On the eve of the scheduled December 9th release of and vote on the foundational policy for future European copyright reform laws, the Communication from the European Commission to the European Parliament on copyright reform, a broad coalition of more than twenty companies and organisations representing news publishers and other digital content and services providers, as well as consumers, and civil rights advocates have fired off new salvos in the battle between digital rights stakeholders and EU copyright reform proponents. The main complaint seems to be that there is no point consulting if the EU has already set its own agenda.
The Computer & Communications Industry Association (CCIA) has now announced that it and other members of the coalition, including the Center for Democracy and Technology (CDT), have sent letters to First Vice-President of the European Commission Frans Timmermans and to Members of the European Parliament, raising concerns about lack of adequate consultation with stakeholders prior to the scheduled release on December 9th communique. The CCIA is a U.S. based organization with offices in Europe and includes Amazon, Facebook, Google and Yahoo. Another coalition organization titled their missive, “ Dear European Commission, could you at least pretend you’re listening to us? “.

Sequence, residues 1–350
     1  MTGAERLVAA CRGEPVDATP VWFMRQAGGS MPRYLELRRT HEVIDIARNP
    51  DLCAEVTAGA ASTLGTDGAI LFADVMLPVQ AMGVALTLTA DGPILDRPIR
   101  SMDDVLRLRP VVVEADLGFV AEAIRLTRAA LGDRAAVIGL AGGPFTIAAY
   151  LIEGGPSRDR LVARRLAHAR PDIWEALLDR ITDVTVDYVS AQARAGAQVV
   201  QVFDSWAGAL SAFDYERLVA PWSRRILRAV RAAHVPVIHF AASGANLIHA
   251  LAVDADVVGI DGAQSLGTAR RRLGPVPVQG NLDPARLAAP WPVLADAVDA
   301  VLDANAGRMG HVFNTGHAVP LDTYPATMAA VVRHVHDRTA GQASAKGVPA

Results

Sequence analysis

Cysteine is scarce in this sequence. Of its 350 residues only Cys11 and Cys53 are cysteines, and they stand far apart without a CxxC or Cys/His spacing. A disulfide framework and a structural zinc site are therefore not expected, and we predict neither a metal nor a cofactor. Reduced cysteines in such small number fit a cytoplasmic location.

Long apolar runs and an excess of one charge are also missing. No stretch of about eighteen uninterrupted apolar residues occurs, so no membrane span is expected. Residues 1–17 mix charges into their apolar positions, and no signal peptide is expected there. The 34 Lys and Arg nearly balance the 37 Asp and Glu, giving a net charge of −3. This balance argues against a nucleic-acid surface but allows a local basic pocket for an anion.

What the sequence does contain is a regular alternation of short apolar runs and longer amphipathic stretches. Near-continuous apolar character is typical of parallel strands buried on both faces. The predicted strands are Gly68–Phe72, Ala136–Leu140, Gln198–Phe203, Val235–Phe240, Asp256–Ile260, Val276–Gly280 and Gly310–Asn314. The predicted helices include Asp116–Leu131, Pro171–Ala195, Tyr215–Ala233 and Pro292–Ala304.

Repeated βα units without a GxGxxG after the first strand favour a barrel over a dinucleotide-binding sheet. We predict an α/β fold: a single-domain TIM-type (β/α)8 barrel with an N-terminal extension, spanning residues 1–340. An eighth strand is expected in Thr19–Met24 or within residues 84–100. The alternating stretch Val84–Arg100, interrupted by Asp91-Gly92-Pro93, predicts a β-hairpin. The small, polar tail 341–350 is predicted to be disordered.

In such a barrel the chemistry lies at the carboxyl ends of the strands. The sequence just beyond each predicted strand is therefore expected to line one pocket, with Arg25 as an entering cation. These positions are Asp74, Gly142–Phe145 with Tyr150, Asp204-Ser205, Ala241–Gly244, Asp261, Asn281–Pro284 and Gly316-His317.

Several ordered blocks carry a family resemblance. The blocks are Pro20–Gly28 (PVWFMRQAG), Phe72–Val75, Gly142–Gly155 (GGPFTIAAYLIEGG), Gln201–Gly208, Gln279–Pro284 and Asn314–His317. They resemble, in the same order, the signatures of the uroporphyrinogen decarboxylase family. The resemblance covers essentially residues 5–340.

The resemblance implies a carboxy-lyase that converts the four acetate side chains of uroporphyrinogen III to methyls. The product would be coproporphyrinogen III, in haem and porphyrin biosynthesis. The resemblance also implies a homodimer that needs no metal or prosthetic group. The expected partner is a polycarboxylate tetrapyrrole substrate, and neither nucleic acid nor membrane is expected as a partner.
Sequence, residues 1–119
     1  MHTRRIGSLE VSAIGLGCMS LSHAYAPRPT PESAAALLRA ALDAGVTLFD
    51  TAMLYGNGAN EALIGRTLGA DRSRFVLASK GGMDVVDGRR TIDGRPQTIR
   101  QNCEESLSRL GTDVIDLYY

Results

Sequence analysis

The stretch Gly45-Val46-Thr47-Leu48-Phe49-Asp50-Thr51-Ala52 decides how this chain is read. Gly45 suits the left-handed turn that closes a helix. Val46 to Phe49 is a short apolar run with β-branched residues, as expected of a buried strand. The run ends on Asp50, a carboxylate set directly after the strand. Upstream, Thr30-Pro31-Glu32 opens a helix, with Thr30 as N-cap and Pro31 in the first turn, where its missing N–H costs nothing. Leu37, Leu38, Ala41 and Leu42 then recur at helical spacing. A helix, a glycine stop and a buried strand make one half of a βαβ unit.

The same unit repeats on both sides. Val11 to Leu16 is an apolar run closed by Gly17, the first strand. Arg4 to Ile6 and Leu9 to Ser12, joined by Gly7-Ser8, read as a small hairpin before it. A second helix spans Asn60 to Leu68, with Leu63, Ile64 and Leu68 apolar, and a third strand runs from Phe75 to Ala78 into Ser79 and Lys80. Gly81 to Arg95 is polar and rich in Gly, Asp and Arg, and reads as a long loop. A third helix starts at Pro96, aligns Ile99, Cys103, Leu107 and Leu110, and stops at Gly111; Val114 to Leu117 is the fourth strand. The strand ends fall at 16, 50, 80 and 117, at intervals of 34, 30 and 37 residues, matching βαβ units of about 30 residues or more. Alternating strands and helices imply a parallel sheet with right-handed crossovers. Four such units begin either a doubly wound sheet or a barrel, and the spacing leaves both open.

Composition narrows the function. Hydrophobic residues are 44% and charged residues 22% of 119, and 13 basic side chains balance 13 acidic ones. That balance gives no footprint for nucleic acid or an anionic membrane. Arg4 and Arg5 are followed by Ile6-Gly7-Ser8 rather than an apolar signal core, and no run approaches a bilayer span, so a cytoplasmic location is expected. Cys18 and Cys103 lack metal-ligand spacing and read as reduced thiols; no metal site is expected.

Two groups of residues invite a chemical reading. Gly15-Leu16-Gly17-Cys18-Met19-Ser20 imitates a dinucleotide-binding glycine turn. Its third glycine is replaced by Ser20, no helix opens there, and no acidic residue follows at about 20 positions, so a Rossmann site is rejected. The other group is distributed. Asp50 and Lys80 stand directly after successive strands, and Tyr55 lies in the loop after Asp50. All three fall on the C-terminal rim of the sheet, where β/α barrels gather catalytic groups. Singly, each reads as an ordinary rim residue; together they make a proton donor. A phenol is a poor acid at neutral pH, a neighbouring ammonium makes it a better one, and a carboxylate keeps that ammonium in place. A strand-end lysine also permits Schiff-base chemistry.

The Communication will set the copyright agenda for years to come. It is a vital part of the European Commission’s Digital Single Market (DSM) Strategy announced in May of this year.